The Alamo it wasn't, which was surprising, because the last time Julio Cèsar Chàvez and Roger Mayweather fought, there was enough firepower in the first two rounds to knock down walls. But that was four years ago, when they battled for Chàvez's WBC super featherweight title. In that one, Mayweather went out on his shield, like a warrior, in the second round. They should have left it at that.
Instead, there they were last Saturday night, in the Los Angeles Forum, with Chàvez now chasing Mayweather's WBC super lightweight title. Mayweather started cautiously and proceeded to grab Chàvez whenever he came within range. Then the champion quit on his stool before the 11th round, without ever having been knocked down. "He didn't want to fight," Chàvez said later. "He kept clinching and turning his back on me. What kind of way is that to defend a title?"
Not much, especially for a guy whom promoter Don King had labeled the Mexican Assassin. "He kills Mexicans in the ring," said King before the fight. After his first loss to Chàvez, who is from Culiacàn, Mexico, Mayweather defeated eight straight Mexican opponents en route to his super lightweight title. Still, he disdained the handle King had given him. "I'm the Black Mamba," Mayweather said. "One of the deadliest snakes in the world. I don't call myself an assassin. King does, and the press does. But if you pay me enough money, you can call me anything you want."
On Saturday night you could have called him timid, but Chàvez was having problems of his own. Wildness, for one. The undefeated Chàvez came into the ring with 52 knockouts in 62 bouts, but this was his first fight at 140 pounds, and he was trying hard to show he could knock down a bigger man. "I wasn't at my best," he said later. Against Mayweather, he didn't need to be.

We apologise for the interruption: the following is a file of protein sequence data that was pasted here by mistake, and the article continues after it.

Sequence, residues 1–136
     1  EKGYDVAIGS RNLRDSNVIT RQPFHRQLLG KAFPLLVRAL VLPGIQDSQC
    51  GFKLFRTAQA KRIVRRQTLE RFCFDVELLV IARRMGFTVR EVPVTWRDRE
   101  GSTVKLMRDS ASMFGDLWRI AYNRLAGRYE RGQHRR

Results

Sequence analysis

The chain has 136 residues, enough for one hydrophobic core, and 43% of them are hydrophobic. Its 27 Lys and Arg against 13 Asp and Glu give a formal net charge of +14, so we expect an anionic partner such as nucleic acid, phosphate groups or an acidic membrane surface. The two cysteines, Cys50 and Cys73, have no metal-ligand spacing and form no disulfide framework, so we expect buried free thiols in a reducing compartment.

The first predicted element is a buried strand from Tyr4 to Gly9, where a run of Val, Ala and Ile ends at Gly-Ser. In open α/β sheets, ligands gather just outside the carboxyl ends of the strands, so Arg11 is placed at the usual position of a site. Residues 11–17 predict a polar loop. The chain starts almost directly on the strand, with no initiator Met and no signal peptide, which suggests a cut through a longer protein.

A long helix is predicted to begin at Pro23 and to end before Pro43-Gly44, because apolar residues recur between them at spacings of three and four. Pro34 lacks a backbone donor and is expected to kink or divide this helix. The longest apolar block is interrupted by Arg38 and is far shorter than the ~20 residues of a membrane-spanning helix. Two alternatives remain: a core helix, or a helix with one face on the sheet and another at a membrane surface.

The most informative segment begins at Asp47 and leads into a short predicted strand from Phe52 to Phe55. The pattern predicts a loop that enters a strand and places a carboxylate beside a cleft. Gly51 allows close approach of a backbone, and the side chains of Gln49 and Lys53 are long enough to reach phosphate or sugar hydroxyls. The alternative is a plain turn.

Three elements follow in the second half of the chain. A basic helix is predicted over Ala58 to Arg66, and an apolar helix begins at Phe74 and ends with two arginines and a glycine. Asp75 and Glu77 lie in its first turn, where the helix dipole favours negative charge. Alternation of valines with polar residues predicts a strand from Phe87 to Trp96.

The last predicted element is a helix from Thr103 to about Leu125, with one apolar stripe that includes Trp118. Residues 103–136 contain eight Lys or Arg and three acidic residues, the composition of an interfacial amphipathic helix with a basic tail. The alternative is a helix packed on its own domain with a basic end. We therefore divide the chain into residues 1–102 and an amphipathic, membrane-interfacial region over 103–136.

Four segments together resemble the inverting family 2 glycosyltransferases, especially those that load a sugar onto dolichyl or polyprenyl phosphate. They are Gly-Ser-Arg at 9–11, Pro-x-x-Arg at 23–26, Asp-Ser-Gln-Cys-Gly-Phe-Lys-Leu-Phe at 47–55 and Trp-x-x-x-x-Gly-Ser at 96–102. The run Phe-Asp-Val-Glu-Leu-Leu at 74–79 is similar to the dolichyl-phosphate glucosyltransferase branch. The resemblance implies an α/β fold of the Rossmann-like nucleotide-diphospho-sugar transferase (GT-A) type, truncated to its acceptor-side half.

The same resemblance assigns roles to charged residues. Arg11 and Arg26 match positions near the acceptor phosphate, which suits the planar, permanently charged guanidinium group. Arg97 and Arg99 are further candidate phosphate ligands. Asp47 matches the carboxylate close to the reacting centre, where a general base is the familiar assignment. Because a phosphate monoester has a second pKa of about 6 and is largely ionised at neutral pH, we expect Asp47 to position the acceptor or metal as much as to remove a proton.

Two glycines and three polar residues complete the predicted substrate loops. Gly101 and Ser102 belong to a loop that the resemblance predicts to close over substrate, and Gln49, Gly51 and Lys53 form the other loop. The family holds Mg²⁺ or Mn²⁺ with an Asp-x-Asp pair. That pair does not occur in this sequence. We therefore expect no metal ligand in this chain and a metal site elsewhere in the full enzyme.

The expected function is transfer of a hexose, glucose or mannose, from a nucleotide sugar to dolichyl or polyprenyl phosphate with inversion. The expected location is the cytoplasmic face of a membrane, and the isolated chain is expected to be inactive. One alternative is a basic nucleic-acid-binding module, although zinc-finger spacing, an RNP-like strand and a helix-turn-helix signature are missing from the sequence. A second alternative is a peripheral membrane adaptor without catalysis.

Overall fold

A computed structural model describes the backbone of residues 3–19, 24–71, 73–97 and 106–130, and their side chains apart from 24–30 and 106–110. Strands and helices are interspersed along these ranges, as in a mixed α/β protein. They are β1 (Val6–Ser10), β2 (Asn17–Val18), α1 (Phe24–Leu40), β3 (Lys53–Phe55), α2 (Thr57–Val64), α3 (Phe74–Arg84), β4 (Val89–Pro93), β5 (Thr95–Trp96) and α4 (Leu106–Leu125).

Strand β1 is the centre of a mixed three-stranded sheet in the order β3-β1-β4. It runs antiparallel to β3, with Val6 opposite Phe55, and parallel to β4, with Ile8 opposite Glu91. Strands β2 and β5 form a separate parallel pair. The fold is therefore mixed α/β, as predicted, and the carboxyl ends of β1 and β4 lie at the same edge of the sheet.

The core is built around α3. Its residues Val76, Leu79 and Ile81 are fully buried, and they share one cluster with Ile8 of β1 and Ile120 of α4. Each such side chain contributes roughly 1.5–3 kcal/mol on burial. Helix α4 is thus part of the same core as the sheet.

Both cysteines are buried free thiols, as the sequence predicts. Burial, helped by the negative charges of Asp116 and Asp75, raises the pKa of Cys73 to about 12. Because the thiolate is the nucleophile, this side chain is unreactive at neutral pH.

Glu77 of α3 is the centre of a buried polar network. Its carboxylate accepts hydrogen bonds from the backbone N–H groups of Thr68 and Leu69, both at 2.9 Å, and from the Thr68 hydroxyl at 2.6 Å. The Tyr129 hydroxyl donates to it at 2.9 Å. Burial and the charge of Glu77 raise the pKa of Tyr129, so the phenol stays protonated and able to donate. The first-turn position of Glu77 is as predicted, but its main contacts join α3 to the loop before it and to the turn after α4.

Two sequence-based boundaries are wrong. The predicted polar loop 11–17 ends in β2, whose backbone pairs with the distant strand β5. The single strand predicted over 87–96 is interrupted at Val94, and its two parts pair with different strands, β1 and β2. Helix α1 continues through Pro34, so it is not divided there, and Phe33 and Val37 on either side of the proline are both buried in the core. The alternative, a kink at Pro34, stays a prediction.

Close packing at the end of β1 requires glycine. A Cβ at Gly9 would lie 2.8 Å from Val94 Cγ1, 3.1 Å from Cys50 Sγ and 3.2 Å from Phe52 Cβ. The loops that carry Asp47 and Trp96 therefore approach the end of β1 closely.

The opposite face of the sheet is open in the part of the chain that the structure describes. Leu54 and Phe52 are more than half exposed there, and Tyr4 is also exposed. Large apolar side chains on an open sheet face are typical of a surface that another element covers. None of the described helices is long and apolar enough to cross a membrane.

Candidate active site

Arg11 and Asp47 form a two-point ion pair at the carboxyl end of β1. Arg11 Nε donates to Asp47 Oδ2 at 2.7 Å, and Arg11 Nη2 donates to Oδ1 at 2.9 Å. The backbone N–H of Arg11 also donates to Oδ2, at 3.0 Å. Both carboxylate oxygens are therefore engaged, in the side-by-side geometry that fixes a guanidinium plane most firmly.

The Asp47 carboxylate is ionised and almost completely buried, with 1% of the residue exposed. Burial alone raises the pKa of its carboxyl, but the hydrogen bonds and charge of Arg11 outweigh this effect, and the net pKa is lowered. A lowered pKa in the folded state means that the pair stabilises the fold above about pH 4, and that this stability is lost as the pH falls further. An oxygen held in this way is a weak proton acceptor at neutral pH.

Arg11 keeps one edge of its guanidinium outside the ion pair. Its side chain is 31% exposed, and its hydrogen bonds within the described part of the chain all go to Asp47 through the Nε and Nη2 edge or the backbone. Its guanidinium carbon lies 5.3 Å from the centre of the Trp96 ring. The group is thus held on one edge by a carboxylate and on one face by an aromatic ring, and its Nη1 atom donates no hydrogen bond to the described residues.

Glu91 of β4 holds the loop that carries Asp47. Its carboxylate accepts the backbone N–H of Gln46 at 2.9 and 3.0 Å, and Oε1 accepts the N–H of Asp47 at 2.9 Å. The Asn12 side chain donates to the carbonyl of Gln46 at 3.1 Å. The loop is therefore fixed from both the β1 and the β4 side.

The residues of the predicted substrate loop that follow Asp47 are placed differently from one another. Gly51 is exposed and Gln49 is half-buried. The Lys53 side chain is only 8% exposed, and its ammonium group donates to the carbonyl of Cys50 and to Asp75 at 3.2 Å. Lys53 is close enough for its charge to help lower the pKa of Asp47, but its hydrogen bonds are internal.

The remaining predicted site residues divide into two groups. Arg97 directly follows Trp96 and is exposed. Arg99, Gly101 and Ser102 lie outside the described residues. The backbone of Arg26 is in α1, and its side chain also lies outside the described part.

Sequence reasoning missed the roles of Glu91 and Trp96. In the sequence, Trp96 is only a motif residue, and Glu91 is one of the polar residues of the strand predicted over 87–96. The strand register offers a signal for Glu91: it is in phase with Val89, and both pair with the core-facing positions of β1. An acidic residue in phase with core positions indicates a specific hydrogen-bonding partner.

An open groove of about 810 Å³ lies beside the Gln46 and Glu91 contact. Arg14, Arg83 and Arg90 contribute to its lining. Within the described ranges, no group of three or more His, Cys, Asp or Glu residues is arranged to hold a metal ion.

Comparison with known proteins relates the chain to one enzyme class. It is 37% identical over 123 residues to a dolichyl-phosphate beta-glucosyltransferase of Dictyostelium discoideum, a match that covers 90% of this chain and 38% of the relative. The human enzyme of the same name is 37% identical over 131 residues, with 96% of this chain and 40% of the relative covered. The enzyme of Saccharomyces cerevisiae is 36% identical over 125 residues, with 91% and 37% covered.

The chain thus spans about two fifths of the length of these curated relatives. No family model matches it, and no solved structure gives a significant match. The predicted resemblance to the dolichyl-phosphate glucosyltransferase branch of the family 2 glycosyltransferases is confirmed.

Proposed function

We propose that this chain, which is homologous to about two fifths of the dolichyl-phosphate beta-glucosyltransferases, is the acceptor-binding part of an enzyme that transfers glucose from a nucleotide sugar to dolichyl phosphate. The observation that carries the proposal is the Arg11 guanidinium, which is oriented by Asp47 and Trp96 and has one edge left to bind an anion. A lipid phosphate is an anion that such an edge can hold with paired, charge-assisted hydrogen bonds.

Mayweather was penalized a point for a low blow in the third round and lost another for holding in the fourth. In the eighth Chàvez cut his opponent under his left eyebrow. Mayweather lasted six more minutes, but with little effect. His trainer, Jesse Reid, showed considerably more fire when he joined the fray at the end of the seventh round. At the bell both fighters continued to throw punches. Referee Hank Elespuru jumped between them, but when Chàvez kept punching, Reid leaped into the ring, grabbed Chàvez and drove him halfway across the canvas. Elespuru ordered Reid, who was showered with ice cubes, coins and beer, to the locker room.
Worn down by the dogged, if unspectacular Chàvez, Mayweather fought the ninth round dismally. The 10th was worse. At the end of that round, Mayweather returned to his corner on rubbery legs. He slumped on his stool and dropped his chin against his chest. He told his corner he was done. "If you can, I want you to finish on your feet," his manager, Billy Baxter, urged.
Mayweather shook his head. "I can't do it," he said.
"Fine," snapped Baxter. "We'll have to stop it." Elespuru signaled a ceasefire. Later, Mayweather, who was well behind on all three judges' cards, said his strength had been sapped by a cramp in the area of his liver. "It had started around the sixth or seventh round," he explained. "It just kept getting worse. It took away my legs."
For Chàvez, it is his third championship. He won the WBC super featherweight title in 1984; his two pieces of the lightweight championship came in 1987 (WBA) and 1988 (WBC). Still, he was not pleased by the way the WBC super lightweight title had come into his possession. "I didn't think he would quit in his corner," he said, shaking his head. "I thought he had more guts."
With Mayweather's WBC super lightweight title at stake, Chàvez (left) won hands down.